I like to ride the San Diego Trolley when I visit family there, but the mile walk from the station to their house is so, so awful that it always makes me think twice about riding the train. Here at home, my walk to the Metro is the same distance, and I do it happily all the time.
The 1.1-mile walk from the Grossmont Trolley station in the San Diego suburb of La Mesa to my family’s house takes you through a strip mall parking lot, along the six-lane major arterial Fletcher Parkway and then up the overly wide four-lane Jackson Drive before you turn into their neighborhood. It’s not pleasant, as the picture above shows.
As a result, my family only drives to the station when they ride the Trolley, and I — someone who likes to ride transit — think twice about making the walk when I’m there.
The crazy thing is that this is a comparable distance to what I walk a couple of times a week from the Shaw-Howard U Metro station to my house in Eckington.
What’s the difference? The walk in DC is along leafy streets lined with rowhouses in the Le Droit Park and Bloomingdale neighborhoods. Yes, I cross three major roads — Florida Avenue, and North Capitol Street and Rhode Island Avenue where they meet — but it is just two intersections, and I do not walk along either street for very long.
Street design and development patterns matter
Much of the residential development surrounding the Grossmont Trolley station, including where my family lives, was built during the post-war suburbanisation of the 1950s and 1960s. Miles and miles of single family ranch houses built for people that get around in a car.
Retrofitting this suburban, auto-oriented built environment for pedestrians is difficult. The basic infrastructure, including sidewalks and crosswalks, exists in La Mesa.
However, there are also a number of missed opportunities when it comes to changing the built environment to make the walk more pleasant. These include wider sidewalks, barriers between passing cars and the sidewalk that increase pedestrians’ perception of safety, and streetside land use that is inviting to pedestrians, like store or home fronts, instead of strip mall parking lots and driveways.
Ellen Dunham-Jones, author of Retrofitting Suburbia, talked about turning major arterials into tree-lined “boulevards” as one example of a suburban retrofit in a 2010 TED talk. Transit access can be a catalyst to such retrofits, she noted.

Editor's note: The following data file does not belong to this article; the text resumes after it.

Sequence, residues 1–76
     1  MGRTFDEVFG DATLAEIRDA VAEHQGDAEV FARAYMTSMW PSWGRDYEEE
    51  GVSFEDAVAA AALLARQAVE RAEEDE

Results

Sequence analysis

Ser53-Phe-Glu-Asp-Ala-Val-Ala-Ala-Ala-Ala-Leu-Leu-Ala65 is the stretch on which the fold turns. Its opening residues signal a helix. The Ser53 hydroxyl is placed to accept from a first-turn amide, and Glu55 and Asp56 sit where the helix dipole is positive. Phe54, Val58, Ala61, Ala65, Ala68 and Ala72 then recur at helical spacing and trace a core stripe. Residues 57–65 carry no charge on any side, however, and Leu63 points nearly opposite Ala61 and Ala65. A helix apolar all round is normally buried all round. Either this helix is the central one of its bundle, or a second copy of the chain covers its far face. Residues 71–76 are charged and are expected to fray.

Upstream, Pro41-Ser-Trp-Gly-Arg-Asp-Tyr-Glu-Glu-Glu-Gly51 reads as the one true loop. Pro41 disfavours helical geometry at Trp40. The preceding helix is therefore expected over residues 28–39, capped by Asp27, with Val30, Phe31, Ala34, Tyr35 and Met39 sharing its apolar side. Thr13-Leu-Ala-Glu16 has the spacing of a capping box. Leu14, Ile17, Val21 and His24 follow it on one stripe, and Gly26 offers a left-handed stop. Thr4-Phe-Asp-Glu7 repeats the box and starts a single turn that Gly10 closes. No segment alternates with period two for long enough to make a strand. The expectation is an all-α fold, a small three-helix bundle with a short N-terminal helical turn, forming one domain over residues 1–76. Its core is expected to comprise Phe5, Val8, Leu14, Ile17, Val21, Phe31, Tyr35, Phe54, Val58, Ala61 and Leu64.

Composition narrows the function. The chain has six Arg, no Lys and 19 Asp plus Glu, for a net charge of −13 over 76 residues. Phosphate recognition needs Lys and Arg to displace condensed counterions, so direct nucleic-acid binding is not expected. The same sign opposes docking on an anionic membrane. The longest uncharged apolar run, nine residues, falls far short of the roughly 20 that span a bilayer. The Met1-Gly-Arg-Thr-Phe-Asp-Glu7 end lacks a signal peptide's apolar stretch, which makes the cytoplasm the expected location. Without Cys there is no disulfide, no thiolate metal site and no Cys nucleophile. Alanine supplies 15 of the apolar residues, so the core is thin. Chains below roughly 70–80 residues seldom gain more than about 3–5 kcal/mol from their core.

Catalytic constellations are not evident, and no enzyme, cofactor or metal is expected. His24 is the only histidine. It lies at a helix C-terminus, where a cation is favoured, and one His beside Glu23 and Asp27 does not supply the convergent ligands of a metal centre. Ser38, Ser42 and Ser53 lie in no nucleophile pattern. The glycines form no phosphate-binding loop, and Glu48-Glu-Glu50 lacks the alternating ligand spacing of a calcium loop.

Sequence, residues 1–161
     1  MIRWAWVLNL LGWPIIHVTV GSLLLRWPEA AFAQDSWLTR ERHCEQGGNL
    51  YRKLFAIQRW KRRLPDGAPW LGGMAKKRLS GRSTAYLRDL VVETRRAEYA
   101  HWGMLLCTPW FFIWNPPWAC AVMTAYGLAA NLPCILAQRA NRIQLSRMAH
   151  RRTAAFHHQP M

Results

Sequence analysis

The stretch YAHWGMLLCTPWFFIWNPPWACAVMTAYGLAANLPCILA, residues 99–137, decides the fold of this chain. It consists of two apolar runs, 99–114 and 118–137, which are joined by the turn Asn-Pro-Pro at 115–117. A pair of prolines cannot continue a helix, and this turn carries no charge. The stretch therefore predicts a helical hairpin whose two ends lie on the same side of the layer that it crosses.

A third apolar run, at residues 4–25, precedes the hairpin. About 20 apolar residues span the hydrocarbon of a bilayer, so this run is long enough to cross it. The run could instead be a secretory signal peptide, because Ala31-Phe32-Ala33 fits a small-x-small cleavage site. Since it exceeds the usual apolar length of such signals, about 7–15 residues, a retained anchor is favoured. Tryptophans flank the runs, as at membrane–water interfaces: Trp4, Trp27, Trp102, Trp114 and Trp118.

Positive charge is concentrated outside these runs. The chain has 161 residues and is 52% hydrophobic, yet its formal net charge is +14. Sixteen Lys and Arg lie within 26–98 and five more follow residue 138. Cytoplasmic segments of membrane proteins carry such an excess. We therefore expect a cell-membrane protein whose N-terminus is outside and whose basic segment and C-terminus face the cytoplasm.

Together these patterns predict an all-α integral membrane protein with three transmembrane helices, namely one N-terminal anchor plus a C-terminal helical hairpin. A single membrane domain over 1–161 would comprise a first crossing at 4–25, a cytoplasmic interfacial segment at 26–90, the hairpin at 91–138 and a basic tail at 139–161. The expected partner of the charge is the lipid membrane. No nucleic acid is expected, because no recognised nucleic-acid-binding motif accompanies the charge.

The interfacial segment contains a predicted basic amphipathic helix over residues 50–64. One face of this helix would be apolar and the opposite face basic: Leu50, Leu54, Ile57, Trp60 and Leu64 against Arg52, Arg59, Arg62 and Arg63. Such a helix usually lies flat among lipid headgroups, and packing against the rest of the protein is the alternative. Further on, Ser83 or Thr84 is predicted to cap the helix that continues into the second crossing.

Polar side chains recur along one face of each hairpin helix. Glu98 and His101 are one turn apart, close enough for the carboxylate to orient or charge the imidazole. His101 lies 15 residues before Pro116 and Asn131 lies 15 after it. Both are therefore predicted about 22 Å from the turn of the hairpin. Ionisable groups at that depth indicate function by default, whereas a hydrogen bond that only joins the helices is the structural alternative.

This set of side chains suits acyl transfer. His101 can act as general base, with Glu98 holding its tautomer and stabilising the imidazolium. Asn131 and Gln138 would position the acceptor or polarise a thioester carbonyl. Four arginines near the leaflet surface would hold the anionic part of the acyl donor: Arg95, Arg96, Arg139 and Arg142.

La Mesa is trying. The 527-unit Alterra and Pravada apartment complex is immediately adjacent to the Grossmont station, built atop its parking lot.
But even the Alterra and Pravada building is not the most inviting pedestrian environment. The ground level lacks retail and is instead dominated by entrances to the parking lot.
DC, at least in its older neighborhoods, benefits from having a pedestrian-friendly streetscape already in place. However, the region faces many of the same issues at some of Metro’s more suburban stations, for example in Tysons and White Flint.
Better walkability means more transit riders
PlanItMetro has found that a larger “walkshed” — the area around a station that is easily walkable — to a Metro station directly correlates to higher ridership. Shaw, which has a Walk Score of 97 out of 100, saw an average of 5,087 Metro riders on weekdays in 2015 compared to Grossmont, which has a Walk Score of 76 out of 100, that saw an average of 5,707 Trolley riders on weekdays during its 2016 fiscal year that ended in June.
However, Grossmont is a transfer station between the Trolley’s Green and Orange lines, which boosts ridership numbers. San Diego measures ridership by the number of people who get on or off a train, versus the number of entries and exits to a station as DC’s Metro does.
The Metro system handled an average of 712,843 weekday riders and the Trolley system an average of 122,157 weekday riders in 2015, data from the respective transit agencies shows.
La Mesa is a reminder that simply building transit is not all that it takes to make a suburban neighborhood walkable and generate new transit ridership. A fact that is applicable in many city’s around the country, including in the DC suburbs, as they build out their own light rail systems to previously auto-oriented suburbs.